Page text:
Did Barack Obama perform terribly in the first presidential debate or did the media create a multiplier effect by harping on his haplessness? Is the blogosphere driving the campaign narrative more than issues? What are the voter demographics that will favor each presidential candidate in the upcoming election?

These are the sorts of questions that veteran political reporter and Santa Barbara transplant Jeff Greenfield will address when he delivers a talk hosted by UCSB’s Carsey-Wolf Center at the Pollock Theater next Thursday.

For the record, Romney’s drubbing of Obama was the most one-sided debate he’s ever seen, Greenfield — who served as a speechwriter for Robert F. Kennedy — took a moment to share with The Santa Barbara Independent just before live blogging the vice presidential debate for Yahoo! News.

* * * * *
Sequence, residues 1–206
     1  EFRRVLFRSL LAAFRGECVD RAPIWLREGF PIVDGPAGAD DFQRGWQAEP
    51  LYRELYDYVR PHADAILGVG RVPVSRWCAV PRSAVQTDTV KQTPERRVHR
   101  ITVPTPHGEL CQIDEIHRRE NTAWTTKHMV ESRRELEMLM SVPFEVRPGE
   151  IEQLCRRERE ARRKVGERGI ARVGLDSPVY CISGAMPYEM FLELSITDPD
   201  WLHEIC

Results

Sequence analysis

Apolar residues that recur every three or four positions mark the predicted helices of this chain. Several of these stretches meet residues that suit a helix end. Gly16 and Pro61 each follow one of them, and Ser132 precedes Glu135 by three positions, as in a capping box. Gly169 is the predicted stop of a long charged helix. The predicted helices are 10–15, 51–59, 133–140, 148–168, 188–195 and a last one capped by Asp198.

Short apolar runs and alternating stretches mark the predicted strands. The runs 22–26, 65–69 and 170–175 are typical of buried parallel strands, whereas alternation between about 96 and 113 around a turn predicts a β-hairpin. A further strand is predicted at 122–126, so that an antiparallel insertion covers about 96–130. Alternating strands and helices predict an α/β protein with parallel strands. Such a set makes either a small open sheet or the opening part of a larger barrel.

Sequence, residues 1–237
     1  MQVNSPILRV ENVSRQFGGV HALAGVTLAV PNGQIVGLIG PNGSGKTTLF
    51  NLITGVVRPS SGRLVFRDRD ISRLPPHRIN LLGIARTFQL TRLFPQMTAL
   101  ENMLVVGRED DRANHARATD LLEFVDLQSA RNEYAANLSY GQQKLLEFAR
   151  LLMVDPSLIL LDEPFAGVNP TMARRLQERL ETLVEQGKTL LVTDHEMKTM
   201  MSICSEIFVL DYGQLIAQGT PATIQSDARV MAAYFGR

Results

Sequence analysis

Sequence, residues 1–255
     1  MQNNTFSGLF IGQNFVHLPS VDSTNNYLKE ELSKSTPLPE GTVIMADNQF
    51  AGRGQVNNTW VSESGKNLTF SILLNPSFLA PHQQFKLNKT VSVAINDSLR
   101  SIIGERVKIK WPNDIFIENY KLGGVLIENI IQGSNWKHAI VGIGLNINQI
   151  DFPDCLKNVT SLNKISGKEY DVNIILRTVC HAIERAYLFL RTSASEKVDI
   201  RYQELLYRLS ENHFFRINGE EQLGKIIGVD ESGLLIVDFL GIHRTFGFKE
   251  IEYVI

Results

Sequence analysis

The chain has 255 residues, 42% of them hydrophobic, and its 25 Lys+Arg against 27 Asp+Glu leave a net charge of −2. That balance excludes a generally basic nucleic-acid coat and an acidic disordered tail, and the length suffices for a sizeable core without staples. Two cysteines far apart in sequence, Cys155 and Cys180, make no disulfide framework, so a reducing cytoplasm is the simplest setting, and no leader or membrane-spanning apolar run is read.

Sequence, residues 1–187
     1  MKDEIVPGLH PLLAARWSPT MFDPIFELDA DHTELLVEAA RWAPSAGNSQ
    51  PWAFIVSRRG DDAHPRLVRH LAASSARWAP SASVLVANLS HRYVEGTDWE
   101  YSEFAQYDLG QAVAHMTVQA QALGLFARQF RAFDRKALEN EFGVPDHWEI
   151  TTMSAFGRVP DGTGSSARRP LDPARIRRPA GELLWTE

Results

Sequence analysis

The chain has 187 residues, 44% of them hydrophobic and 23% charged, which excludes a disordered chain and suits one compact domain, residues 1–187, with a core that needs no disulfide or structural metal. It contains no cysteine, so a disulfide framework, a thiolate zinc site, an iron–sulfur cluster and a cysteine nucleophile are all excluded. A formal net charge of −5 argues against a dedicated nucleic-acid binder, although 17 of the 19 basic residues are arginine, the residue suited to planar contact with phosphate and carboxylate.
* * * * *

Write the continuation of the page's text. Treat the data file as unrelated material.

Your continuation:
Over the past 50 years, television has turned politics into a spectator sport, and Greenfield has been along for the entire ride, either working on campaigns or reporting them for outlets such as CBS, CNN, ABC, and The New York Times Magazine, winning plaudits for his analysis.

This Madden-like interpreter of modern electoral politics will help you become a slightly less mindless, bloodthirsty viewer of presidential campaigns. Titling his talk, “If You’ve Had Enough of the Food Fights: A Clear-Eyed Look at the Political Landscape…And Beyond,” Greenfield will explain what to look for on election night as states turn red or blue on your television screen.

He’ll also reflect on the role of media in the campaign, hinting that, as inextricable as traditional and new media have become with presidential politics, they also have their limits. “What’s making this campaign tough for Obama is that the economy is in lousy shape,” he said. “That fundamental stuff matters more than whether or not one campaign has managed social networks better.”


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